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Wait for the next dark and stormy night to dive into John Fram’s No Road Home. This twisty murder mystery, rife with cleverly employed elements of horror and the supernatural, comes to a head during a mighty deluge.

As in his debut, The Bright Lands, a BookPage Best Book of 2020, the Texas-born Fram sets this darkly dramatic, gothic tale in the Lone Star State. He draws readers into Ramorah, an expansive compound home to the uber-wealthy Wright family, presided over by patriarch Jerome Jeremiah Wright, a fire-and-brimstone televangelist.

Things are off-kilter at the estate these days: Jerome has been making increasingly fatalistic prophecies, and the Wrights are worried about the future of their family business. It doesn’t help that threatening messages in blood-red paint have begun appearing on the mansion’s bedroom doors.

Toby Tucker has no inkling of the danger that awaits him when he sets out to visit Ramorah with his son, Luca, and brand-new wife, Alyssa, Jerome’s granddaughter. Luca is a sweet child, who “wore his hair long and dressed in lots of pink and mauve and called himself a boy, which was fine with Toby.” This combination is not, Toby soon realizes, fine with the Wrights, who stare at and mutter derogatory comments about Luca despite Alyssa’s assertion that “[her] family’s too rich to be bigoted.”

Toby’s already-present desire to flee Ramorah multiplies a thousandfold when Jerome is found murdered, but floodwaters make that impossible. As the storm rages outside and the Wright clan whispers that their newest visitor may to be blame for Jerome’s death, Toby resolves to solve the murder, clear his name and get himself and Luca the hell out of there—especially since Luca claims to have seen a ghost, and Toby believes him. 

Fram expertly ratchets up the tension as Toby and Luca desperately search for allies and answers as the devious Wrights circle around them. Fans of everyone’s-a-suspect stories will be riveted as long-held secrets float to the surface, twisted motivations are revealed and revelations of generational trauma and abuse prompt them to consider whether the most outwardly pious might just be the biggest sinners of all.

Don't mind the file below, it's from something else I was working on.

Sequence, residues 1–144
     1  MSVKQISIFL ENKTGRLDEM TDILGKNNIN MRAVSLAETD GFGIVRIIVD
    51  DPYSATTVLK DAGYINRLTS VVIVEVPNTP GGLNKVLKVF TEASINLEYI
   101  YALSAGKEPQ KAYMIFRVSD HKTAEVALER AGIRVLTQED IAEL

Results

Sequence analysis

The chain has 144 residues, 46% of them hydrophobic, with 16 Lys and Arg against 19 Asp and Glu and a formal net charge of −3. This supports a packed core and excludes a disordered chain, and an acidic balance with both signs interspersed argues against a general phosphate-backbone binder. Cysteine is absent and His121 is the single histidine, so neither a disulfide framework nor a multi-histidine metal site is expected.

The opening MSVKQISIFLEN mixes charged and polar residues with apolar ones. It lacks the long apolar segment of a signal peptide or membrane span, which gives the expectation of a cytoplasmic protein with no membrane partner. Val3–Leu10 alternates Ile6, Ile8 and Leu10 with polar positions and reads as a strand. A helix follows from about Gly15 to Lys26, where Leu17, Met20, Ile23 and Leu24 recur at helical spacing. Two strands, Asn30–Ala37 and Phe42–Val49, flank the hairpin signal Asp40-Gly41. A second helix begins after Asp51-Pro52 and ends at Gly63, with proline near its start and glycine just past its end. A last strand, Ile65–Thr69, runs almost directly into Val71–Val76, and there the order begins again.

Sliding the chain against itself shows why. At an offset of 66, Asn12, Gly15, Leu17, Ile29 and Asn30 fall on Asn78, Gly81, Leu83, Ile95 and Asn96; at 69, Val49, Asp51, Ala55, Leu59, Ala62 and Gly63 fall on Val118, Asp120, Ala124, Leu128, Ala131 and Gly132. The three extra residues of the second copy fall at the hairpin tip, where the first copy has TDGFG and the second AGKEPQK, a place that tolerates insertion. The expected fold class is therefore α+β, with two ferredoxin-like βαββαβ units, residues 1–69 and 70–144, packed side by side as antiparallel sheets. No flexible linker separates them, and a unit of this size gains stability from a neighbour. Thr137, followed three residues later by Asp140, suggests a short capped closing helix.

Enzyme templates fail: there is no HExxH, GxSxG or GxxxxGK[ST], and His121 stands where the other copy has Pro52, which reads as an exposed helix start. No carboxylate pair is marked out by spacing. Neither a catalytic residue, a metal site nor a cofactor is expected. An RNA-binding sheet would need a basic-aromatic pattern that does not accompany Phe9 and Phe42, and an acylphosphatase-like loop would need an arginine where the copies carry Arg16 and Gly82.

Set at a televangelist’s compound as floodwaters rise, John Fram’s No Road Home is a darkly dramatic murder mystery-thriller hybrid.
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Joseph Nightingale, nicknamed Fearless after a moment of heroism during the Bosnian conflict, is a British war photographer who was in Nairobi during the August 1998 attack on the U.S. Embassy. While he was away, his pregnant girlfriend, an award-winning investigative journalist, was killed in an automobile accident. As Praveen Herat’s gripping debut political thriller, Between This World and the Next, opens, Fearless has accepted his old friend, Alyosha Federenko’s invitation to Cambodia, arriving overwhelmed by grief and guilt.

Federenko stashes Fearless at the Naga, a gathering place for the gangs and soldiers of fortune set loose upon the world after the collapse of the Soviet Union. One of the chilling pleasures of this book is Herat’s vivid, knowledgeable portrait of this threatening netherworld, from outposts like the Naga to breakaway states like Transnistria, where money is exchanged for advanced weaponry and private armies are assembled to rule in feudal power.

Federenko himself resides at a luxury hotel while he wheels and deals in an attempt to gather money and power to work himself back into the upper echelons of the new Russian elite. Fearless at first forgives the acquisitiveness of a man he knows was born in chaos and poverty. But as events unfold, and people get hurt and killed, Fearless’s worldview of engaged empathy collides with Federenko’s selfish, transactional view of human interactions.

Also at the Naga is Song, a young Cambodian woman enslaved as a cleaner. As children, she and her twin sister were sold into prostitution. Song’s face has since been ravaged by an acid attack, and her soul is deflated by loss of contact with her sister. She cares for the young children who are brought to the Naga by adult predators and whose gruesome abuse is recorded on video. The existence of one of these videos, handed off to Fearless, sets the elaborate plot rolling with increasing velocity.

The final chapters of Between This World and the Next are breathtaking in their descriptive power and imaginative reach, and the novel’s ending is very satisfying. But some threads still dangle and not all questions are answered—which makes one hope for a sequel.

Praveen Herat’s prizewinning debut thriller, Between This World and the Next, paints a vivid, knowledgeable portrait of a threatening political netherworld, including breakaway states like Transnistria.
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A fatal accident, a cosmic visitor and a mysterious stranger all come together in a small Australian town in Ruby Todd’s dazzling debut, Bright Objects.

Young widow Sylvia Knight is recovering from the car accident that killed her husband and left her with serious injuries, both physical and psychological. Profoundly lonely, Sylvia works at the local mortuary, keeps her husband’s grave tidy and puts on a cheerful face for her mother-in-law, Sandy, whom she visits weekly. But she is haunted by sketchy memories of the night of the accident. Although another car was involved, nobody was arrested, but Sylvia believes she knows who was responsible. When word comes through her friend Vince that the police are closing the case, she falls into a deep depression and plans to take her own life. However, the appearance of a rare comet proves a distraction. When the comet’s discoverer, American astronomer Theo St. John, walks into the mortuary one day, Sylvia’s life takes a turn. Sylvia and Theo begin to find connection through shared meals and trips to the observatory to view the comet.